Skip to main content


There are several modules within the Indigenous housing and homelands toolkit intended to facilitate the goals and projects of First Nations communities. Each module can be used individually, in connection with other supporting modules, or in conjunction with the toolkit as a whole-system approach.

The toolkit offers solutions to help First Nations set up innovative community-centred housing governance models that are self-determined and based in cultural, ecological, and economic well-being. There are printable worksheets to explore your community’s values and principles, especially around housing and lands governance, and to reflect on how these values and principles are represented in everyday practices and policies. A basic understanding of property in a legal context is presented in the title and tenure module. There’s an explainer on how a Community Land Trust works, and how it could work on First Nations housing and lands. There is so much more offered in this toolkit, and it wouldn’t have been possible without the support from our funders, community partners, and idea-generators who offered their time and expertise on the subject.

This project has been funded and supported by


Territorial Acknowledgements

Ecotrust Canada respectfully acknowledges the xʷməθkʷəy̓əm (Musqueam), Sḵwx̱wú7mesh Úxwumixw (Squamish), səl̓ilw̓ətaʔɬ (Tsleil-Waututh), and Coast Ts’msyen (Tsimshian) peoples on whose traditional territories our two offices are located.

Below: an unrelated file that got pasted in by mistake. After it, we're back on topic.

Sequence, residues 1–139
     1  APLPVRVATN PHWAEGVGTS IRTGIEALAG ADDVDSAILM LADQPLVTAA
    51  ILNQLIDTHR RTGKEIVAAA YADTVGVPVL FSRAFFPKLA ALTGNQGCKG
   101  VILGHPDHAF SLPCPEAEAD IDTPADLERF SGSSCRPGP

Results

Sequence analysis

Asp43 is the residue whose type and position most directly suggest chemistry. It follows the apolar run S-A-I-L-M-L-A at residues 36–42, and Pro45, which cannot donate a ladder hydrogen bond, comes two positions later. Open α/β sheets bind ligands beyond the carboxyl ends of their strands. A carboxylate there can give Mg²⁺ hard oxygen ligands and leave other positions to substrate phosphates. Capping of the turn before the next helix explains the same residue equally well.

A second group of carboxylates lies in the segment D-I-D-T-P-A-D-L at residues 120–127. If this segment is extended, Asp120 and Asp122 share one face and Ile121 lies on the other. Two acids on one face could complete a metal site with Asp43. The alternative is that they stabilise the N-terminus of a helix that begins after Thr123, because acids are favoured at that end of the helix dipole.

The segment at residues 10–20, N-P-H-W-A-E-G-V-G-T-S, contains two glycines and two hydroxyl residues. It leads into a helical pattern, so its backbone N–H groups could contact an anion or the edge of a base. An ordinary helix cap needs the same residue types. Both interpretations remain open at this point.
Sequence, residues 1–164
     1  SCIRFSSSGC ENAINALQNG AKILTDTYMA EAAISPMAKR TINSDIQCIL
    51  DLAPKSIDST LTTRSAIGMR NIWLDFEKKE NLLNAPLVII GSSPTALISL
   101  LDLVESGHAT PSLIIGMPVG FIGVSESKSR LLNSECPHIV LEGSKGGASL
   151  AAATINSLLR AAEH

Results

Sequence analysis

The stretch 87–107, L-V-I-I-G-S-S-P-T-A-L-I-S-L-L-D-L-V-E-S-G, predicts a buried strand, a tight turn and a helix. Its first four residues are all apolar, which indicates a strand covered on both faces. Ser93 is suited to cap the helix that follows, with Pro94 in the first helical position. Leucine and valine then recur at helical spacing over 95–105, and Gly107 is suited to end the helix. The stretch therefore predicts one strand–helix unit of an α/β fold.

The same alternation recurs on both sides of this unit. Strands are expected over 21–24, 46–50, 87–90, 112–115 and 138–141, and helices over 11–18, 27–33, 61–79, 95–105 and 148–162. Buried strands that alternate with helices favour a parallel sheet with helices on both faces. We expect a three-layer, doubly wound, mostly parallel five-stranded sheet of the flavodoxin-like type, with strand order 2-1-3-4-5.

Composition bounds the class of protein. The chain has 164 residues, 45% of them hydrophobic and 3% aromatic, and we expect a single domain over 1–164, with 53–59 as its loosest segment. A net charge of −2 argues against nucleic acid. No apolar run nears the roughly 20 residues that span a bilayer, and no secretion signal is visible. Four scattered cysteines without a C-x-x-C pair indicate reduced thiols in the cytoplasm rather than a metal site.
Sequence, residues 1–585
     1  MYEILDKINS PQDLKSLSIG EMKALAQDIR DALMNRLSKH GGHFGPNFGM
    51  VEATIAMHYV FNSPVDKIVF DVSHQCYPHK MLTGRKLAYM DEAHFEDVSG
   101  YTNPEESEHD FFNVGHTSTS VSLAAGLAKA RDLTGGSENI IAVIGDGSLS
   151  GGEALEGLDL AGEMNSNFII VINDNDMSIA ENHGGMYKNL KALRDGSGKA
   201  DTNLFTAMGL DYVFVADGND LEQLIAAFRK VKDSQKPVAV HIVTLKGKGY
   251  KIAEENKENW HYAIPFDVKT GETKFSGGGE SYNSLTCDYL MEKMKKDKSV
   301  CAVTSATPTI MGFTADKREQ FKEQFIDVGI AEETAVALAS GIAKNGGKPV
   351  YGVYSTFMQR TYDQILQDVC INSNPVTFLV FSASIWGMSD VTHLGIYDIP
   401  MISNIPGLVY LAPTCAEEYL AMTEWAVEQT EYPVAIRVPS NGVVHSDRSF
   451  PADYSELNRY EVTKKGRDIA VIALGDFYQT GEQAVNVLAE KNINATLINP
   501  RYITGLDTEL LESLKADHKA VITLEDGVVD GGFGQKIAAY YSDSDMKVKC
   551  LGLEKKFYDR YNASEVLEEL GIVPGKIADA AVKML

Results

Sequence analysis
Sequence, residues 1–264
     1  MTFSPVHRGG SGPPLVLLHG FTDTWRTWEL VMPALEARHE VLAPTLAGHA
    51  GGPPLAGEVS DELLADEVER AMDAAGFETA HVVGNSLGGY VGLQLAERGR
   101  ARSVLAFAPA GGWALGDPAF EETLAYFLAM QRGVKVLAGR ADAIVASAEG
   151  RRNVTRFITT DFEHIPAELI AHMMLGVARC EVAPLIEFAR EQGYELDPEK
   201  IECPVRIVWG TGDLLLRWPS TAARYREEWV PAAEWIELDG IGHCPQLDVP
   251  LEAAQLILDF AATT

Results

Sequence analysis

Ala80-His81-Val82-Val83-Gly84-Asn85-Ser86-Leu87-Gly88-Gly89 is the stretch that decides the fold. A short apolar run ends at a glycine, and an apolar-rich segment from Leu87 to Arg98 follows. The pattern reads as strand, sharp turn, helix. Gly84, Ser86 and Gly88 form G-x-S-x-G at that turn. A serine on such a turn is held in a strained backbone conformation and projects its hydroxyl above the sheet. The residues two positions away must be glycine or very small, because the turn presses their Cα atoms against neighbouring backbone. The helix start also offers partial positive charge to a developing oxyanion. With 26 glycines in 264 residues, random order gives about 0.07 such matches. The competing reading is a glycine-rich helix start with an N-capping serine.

Current partnering communities who work with Ecotrust Canada’s Indigenous Home-Lands Initiative, and whose realities, challenges, and innovations have informed this toolkit, include:


Information in this toolkit includes research from literature reviews (primarily grey literature) and interviews with the following people and organizations, who generously contributed their ideas and case studies to this project:

  • Brandy Gallagher (O.U.R. Ecovillage)
  • Shelagh McCartney (Together Design Lab)
  • Shirley McLeod (Te Puni Kōkiri, Māori Housing)
  • Henrik Moller (Ecosystems Consultants, Aotearoa)
  • Katie Rabbit-Young Pine (Changing Horses Non-Profit Society)
  • Lyana Patrick (Faculty of Health Sciences, SFU)
  • Robin Phillips (JFK Law, Victoria, BC)
  • Crystal Sedore (Yale First Nation)
  • Tim Tailfeathers (Changing Horses Non-Profit Society)
  • CHANS Lab, Spring 2022 cohort (IRES, UBC)